The Cowed Donkeys. (Devil in the Details)

The American Prospect, May 2003 | Go to article overview

The Cowed Donkeys. (Devil in the Details)


THE SILENCE OF THE Democratic lambs continues. Generals not grousing about Don Rumsfeld's high-tech, air-power, special-forces invasion plan, which omitted only infantry and artillery from its order of battle, are being denied entry at officers' clubs. Poppy Bush's retainers are gently suggesting that Junior needs a talk with the old man. Half the public now believes that the war will drag on for a year. And the Democrats aren't saying anything at all.

In fairness, there are a number of reasons, some of them momentarily plausible, why the leaders of America's oldest and largest political party are clamming up. The war is only a few weeks old, and whether it will end in cataclysm or merely disaster (we're factoring in the long-term effect on world opinion here) is still unclear. Tom Daschle got savaged when he said that Bush had mishandled the run-up to the war. Nonpolitical figures are making their case, so why weaken it by giving it a partisan label? The Republicans would kill them if they said anything; look at what happened to Daschle. Public opinion is in flux but Americans still support the war, except about half the Democrats--the half whose support the Democratic candidates can count upon. An opinion this early could look like a prejudgment. And did you see what happened to Daschle?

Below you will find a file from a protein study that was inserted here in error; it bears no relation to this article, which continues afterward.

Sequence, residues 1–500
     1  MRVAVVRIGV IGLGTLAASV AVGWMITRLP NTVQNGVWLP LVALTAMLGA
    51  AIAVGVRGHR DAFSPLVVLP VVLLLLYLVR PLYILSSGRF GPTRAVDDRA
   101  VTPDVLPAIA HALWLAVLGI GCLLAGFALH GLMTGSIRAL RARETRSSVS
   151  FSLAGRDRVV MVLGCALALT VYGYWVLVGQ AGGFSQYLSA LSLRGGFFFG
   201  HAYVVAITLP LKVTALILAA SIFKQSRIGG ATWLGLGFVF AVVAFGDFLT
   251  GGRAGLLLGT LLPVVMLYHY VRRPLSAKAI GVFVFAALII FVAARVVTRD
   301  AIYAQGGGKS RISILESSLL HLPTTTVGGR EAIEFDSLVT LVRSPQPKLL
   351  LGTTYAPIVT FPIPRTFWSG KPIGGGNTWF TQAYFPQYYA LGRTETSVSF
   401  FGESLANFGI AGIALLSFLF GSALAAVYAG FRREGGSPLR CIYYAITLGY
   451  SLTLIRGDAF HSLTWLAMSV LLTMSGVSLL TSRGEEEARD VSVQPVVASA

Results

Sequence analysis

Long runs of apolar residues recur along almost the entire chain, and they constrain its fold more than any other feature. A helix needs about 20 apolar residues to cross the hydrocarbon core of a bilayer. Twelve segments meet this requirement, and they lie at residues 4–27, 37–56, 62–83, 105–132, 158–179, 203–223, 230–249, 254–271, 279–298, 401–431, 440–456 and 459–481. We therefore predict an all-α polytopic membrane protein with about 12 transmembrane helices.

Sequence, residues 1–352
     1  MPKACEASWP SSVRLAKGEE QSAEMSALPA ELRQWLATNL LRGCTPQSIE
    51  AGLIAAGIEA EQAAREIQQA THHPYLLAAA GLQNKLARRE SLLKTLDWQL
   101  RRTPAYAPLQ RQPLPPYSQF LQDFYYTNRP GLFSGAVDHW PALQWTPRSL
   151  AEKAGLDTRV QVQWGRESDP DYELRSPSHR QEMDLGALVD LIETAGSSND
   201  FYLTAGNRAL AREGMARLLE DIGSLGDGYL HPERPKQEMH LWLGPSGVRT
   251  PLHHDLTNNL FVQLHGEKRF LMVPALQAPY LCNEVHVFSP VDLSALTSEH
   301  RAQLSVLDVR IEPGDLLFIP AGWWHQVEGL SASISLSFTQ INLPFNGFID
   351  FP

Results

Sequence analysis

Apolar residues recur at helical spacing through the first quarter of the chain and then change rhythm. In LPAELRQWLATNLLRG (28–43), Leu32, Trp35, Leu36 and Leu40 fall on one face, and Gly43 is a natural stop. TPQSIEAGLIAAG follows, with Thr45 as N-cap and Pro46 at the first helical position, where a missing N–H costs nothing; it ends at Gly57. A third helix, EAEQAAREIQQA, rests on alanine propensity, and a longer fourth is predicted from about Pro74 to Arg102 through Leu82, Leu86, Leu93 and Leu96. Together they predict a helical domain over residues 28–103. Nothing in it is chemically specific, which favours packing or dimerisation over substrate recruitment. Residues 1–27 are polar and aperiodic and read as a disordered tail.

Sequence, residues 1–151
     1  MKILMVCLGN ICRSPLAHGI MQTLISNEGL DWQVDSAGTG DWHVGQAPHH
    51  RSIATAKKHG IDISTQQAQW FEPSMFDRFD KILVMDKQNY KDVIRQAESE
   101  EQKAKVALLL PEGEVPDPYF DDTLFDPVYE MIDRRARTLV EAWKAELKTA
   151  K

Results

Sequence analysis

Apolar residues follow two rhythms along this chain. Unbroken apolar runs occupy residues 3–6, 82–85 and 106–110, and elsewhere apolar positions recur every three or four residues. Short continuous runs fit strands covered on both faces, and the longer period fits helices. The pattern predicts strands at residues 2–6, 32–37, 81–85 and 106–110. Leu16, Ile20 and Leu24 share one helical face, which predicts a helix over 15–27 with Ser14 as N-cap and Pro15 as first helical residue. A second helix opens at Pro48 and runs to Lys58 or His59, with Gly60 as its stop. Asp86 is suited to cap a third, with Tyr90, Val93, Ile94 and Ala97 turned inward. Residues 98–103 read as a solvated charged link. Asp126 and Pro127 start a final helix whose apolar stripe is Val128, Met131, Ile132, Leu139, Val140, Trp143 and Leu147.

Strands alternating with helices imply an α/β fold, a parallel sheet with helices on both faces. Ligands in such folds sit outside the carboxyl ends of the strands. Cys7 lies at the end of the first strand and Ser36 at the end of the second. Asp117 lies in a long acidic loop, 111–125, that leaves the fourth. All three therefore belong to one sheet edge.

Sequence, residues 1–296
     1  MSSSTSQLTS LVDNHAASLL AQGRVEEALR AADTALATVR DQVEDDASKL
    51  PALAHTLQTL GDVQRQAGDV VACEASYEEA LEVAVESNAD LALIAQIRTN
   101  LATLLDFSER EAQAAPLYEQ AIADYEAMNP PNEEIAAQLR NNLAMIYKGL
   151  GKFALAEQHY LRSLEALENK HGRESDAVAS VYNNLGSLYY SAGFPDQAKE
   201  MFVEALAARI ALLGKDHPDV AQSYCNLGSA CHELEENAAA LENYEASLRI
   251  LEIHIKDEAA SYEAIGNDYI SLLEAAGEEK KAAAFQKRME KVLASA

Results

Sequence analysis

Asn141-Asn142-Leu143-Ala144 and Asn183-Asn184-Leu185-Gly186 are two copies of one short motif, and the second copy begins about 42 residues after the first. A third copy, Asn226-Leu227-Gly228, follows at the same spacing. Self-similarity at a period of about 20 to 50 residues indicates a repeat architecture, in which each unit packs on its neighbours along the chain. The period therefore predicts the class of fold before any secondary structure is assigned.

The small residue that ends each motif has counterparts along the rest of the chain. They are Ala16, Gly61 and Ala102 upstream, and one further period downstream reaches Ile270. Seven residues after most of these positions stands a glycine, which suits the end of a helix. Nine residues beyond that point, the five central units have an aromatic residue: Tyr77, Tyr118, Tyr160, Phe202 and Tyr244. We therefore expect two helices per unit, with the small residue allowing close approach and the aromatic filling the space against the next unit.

In fact, the Democrats' silence emerges from a mix of calculation and trepidation that is understandable if not very edifying. Some Democrats, of course, are cheerleaders for the war; Joe Lieberman touts his support not just for the troops but for "our president as commander in chief. …

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